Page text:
FG Targets Heterogeneous ICT Backbone in 5 Years

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Mrs. Omobola Johnson, Minister of Communications Technology

Mrs. Omobola Johnson, Minister of Communications Technology

The Federal Government has said that it will build a national backbone that will provide heterogeneous broadband services for Nigerians in the next five years.

Minister of Communications Technology, Mrs. Omobola Johnson who dropped the hint in Lagos at a Broadband Forum organised recently by Accenture, said the plan to build a national backbone was sequel to the low internet penetration in the country, which she puts at 6 percent, coupled with the high cost of bandwidth, in spite of the avalanche of fibre optic cables in the country.

According to her, FG would involve the participation of the private sector investment and the Universal Service Provision Fund (USPF) of the Nigerian Communications Commission (NCC), in achieving the desired result in five years.

She explained that insufficient bandwidth as currently being experienced in the country will continue to stifle business, if appropriate measures were not taken to address the situation.

According to her,   the national backbone would boost access to broadband and create employment opportunities for many Nigerians.

“Despite the fact that we have internet penetration of 28 percent, which is about 45 million users, only 9 percent, which is about 14.5 million users of the population are actually internet subscribers and broadband penetration is mere 6 percent. Even though access to broadband using mobile phones is increasing, which amounts to increase in the number of subscribers, what the statistics tells us is that most Nigerians still access the internet through public venues like offices, cyber cafes computer laboratories, among others. This is as a result of not only the lack of ubiquity of the broadband network, but also the cost of access. Today Nigeria has the highest costs of access in the world, and the average speed of access is still very low,” the Minister said.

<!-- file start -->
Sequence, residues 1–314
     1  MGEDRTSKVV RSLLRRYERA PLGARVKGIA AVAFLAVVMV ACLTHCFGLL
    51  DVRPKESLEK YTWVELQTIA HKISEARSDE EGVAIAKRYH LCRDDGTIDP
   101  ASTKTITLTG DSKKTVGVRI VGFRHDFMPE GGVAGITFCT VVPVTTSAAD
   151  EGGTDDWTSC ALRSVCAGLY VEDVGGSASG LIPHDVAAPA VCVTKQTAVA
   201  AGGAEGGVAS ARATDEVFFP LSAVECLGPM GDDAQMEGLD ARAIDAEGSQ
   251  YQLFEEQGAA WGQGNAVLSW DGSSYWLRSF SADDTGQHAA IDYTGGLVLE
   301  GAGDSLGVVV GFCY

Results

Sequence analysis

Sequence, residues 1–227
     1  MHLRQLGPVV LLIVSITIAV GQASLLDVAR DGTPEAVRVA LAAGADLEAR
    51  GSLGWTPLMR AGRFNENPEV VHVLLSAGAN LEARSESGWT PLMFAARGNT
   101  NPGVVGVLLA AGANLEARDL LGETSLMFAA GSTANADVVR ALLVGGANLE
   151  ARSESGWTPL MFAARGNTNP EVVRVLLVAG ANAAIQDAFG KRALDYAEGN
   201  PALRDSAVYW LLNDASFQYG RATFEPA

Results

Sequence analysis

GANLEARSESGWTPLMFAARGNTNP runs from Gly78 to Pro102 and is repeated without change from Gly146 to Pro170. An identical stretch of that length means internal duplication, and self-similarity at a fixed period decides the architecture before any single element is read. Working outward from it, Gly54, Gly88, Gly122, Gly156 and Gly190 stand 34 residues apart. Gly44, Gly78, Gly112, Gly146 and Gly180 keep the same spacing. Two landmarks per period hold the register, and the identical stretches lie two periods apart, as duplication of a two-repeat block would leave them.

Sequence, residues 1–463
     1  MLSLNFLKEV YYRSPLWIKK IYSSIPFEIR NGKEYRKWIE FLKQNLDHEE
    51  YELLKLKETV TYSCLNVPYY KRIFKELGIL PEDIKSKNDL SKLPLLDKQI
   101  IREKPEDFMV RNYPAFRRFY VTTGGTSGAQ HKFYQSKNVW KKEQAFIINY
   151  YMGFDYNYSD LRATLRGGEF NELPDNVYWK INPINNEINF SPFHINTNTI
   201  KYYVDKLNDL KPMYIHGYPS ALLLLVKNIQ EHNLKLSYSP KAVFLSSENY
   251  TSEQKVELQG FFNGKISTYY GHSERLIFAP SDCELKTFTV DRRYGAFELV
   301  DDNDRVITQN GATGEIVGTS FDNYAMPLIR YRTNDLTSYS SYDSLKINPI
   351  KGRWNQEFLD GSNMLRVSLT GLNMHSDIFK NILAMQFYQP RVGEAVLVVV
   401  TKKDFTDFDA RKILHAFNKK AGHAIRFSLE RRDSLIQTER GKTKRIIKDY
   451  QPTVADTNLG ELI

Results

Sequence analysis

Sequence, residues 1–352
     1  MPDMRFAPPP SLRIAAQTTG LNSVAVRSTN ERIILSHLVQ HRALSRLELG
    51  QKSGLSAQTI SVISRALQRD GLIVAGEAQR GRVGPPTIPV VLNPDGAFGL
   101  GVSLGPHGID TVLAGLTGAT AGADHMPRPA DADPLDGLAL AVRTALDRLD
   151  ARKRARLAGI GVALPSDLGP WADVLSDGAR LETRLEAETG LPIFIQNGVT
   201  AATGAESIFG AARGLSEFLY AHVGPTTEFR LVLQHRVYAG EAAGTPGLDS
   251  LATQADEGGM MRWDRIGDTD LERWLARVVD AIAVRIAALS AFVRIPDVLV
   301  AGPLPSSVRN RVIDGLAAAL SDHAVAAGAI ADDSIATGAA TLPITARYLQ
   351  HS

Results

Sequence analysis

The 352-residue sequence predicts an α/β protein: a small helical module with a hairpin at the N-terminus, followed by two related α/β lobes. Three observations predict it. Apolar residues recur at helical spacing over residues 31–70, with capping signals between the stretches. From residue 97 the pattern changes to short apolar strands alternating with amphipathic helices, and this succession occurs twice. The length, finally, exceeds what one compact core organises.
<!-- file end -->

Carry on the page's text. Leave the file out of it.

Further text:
She called on the information technology stakeholders to see the broadband project as a national project that needs the input of all technology practitioners in the country.

In his response, Executive Vice Chairman of NCC, Dr. Eugene Juwah who equally presented a paper at the broadband forum on ‘Facilitating Broadband Growth Through Regulation,’ said Nigeria and other developing world aspire to enjoy broadband revolution because of its economic benefits.

He  however,  explained that there are some challenges impeding broadband revolution in such developing countries, Nigeria inclusive.

According to him, “one of the most difficult challenges to wide scale broadband infrastructure deployment in Nigeria is the issue of right of way. While the issue seems intractable, there are obvious solutions to the challenges.”

He challenged state governments to move away from the current practice of imposing one off charge for right of way, based on distance to a new regime of periodic revenue streams from their right of way assets.

According to Juwah, one way to  realise the stream was to contribute the assets as participation in the project and that alternatively, state governments may choose to barter their right of way assets for a specialised service from infrastructure operator.

Also in his presentation, Managing Director of EALA Communications Industry Group for Accenture, Mr. Stuart Orr spoke on broadband policies of different countries and how such policies could make or mar broadband penetration.

He however,  advised government to invest in both mobile and fixed broadband penetration, as both projects compliment each other.

In : Technology

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